I have quite eclectic reading tastes, so I do also enjoy the harder hitting contemporary crime novels, with neither being my exclusive favourites and each style having its own merits and unique selling points.

      I too, can remember my youth and our regular family visits to the public library. Mum would always select a handful of slushy romances, whilst dad would choose from the western or crime sections. Once I had finished my own childrens reading material, I might, if I was lucky, get to read one or two of dad’s books, before their return date.

      Thanks for the visit today and I hope that your weekend is good.

    • Hi Katherine,

      As you comment, even by today’s standards, a series which can endure through 34 episodes, running from 1956 – 2002, has to be good!

      This is the only one of the series I have ever read, although whether Gwendoline’s books ever formed part of my teenage library book reading, I honestly can’t remember.

      Whatever the genre, I couldn’t read too many of the older style books all together, but to have the opportunity to mix it a little and incorporate one or two in amongst my more contemporary novels, is always a joy.

      Thanks for stopping by and taking the time to comment, I appreciate it.

  • While I don’t anticipate going back and immersing myself in this series, I do like the start of this book. I like police procedurals, even if they do sometimes seem a little more “plodding” than cozies or mystery/thrillers. In a vague way, this beginning reminds me of the Sue Grafton “Kinsey Milhone” series. Maybe it’s just the first person narrative.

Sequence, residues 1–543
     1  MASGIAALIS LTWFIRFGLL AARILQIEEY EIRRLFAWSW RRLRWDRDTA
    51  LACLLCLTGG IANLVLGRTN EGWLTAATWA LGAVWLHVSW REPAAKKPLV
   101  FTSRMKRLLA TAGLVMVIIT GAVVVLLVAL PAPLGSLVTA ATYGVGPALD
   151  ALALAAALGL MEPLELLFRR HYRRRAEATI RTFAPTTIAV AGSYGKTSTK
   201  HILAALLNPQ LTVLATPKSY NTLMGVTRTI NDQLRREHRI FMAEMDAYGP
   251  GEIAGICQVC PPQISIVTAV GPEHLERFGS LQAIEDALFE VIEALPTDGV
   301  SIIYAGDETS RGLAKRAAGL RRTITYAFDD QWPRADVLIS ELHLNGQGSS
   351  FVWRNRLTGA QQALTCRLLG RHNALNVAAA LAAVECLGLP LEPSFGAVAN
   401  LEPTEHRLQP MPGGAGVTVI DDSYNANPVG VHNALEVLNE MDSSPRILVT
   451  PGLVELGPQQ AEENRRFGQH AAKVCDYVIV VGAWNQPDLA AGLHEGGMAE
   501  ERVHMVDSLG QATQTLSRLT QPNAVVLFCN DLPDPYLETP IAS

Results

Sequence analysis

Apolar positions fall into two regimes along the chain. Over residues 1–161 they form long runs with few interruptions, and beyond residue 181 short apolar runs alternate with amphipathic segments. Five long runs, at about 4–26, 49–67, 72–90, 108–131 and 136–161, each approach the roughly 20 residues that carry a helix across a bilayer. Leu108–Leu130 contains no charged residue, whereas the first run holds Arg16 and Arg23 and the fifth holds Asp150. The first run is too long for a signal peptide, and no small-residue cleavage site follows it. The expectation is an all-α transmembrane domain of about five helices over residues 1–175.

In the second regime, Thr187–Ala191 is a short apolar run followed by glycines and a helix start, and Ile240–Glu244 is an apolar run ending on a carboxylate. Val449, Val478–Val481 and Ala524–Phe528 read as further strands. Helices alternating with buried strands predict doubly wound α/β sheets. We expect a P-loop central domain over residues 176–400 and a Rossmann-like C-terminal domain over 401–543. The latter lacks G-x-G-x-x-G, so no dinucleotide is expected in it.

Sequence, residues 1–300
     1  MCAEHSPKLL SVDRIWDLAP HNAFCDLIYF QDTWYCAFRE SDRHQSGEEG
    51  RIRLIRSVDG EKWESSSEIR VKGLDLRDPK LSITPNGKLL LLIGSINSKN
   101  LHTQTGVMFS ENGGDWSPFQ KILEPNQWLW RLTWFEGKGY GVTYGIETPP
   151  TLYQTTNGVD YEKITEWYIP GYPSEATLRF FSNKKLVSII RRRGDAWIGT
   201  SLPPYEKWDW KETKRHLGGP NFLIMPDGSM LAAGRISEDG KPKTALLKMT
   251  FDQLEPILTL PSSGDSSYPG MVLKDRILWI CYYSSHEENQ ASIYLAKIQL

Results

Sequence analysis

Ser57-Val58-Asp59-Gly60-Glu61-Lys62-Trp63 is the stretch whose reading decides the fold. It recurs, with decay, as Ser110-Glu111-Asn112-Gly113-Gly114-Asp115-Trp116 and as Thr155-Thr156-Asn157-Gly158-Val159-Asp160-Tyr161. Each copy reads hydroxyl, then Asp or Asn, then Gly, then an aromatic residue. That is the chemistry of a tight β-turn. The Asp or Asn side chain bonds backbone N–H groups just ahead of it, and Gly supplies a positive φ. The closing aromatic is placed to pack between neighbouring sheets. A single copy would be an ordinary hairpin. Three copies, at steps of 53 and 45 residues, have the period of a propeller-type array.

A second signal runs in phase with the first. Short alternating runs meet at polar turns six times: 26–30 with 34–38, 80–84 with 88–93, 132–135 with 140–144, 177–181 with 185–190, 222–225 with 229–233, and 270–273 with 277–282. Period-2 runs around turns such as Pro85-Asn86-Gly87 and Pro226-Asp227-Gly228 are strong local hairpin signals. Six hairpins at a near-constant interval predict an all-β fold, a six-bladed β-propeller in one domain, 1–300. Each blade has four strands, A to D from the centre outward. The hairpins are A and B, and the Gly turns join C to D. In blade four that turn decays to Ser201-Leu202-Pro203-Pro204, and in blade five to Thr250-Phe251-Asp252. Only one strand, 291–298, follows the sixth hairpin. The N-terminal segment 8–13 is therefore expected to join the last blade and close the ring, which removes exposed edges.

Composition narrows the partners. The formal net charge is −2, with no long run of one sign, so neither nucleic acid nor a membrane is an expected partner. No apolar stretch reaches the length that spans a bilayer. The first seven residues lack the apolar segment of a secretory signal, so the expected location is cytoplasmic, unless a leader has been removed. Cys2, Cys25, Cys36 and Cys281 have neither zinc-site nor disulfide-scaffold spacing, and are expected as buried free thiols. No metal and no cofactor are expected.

• Hi Kelly,

      I can read a good police procedural or murder / mystery any time you like, however I really do have to be in the mood to read a ‘cozy’.

      I think there is actually as much violence and gutsy content in a more classic police procedural, as a more contemporary murder mystery. It is just written and portrayed in a slightly different way, which makes the reader think that everything is moving at a much slower pace than it really is!

      I keep meaning to delve into the Sue Grafton series, as I have heard several good reports about it from friends and famliy, however as yet, hers is still a name on my ‘Want To Read’ list. I did check out some of the books on Amazon, where the first few pages are available to read and I can see the resemblance to the ‘John Coffin’ series of Gwendoline Butler, especially a few of the earlier ‘Kinsey Mulhone’ adventures. I really must get on and at least start the ‘Mulhone’ series!

      Thanks for the visit and I hope that your pre Christmas weekend is going well:)

    • Hi Elizabeth,

      I think it is more the case that the writing style and language used, reflects the era of the 1970s, in which ‘A Coffin For The Canary’ was written.

      I am guessing that all the previous 16 books in the series, written before this time, will have pretty much the same format, although I should be interested to read one of the more recent books (the last was written in 2006), to see if either style or language has been updated for the times, or if the character of John Coffin has aged with the series and has maintained his personality traits to reflect this!

      Thanks for taking the time to comment. I hope that all is well with you and have a good weekend.

    • Hi Nyze,

      I can read a good murder / mystery at any time, so there is no danger of me not enjoying this one.

      Thanks for taking the time to comment, it is always good to talk with you.

    • Hi Sherry,

      I thought that Katherine’s comment – “There’s definitely a trend in the 60s and 70s for more cerebral type mysteries with more thought and less action” – was spot on with regard to this story.

      Gwendoline Butler, AKA Jennie Melville, had a long and distinguished career, predominantly known for her crime fiction writing, which spanned the period 1956 – 2006, with news of her death announced in 2013.

      This is the only one of her books I have read to date, but I shall certainly be on the look out for any more of her work.

      Thank you so much for taking the time to stop by, I appreciate the comment.

      Wishing you a very Happy Christmas, with Good Luck, Health and Happiness in 2015.

Written by Yvonne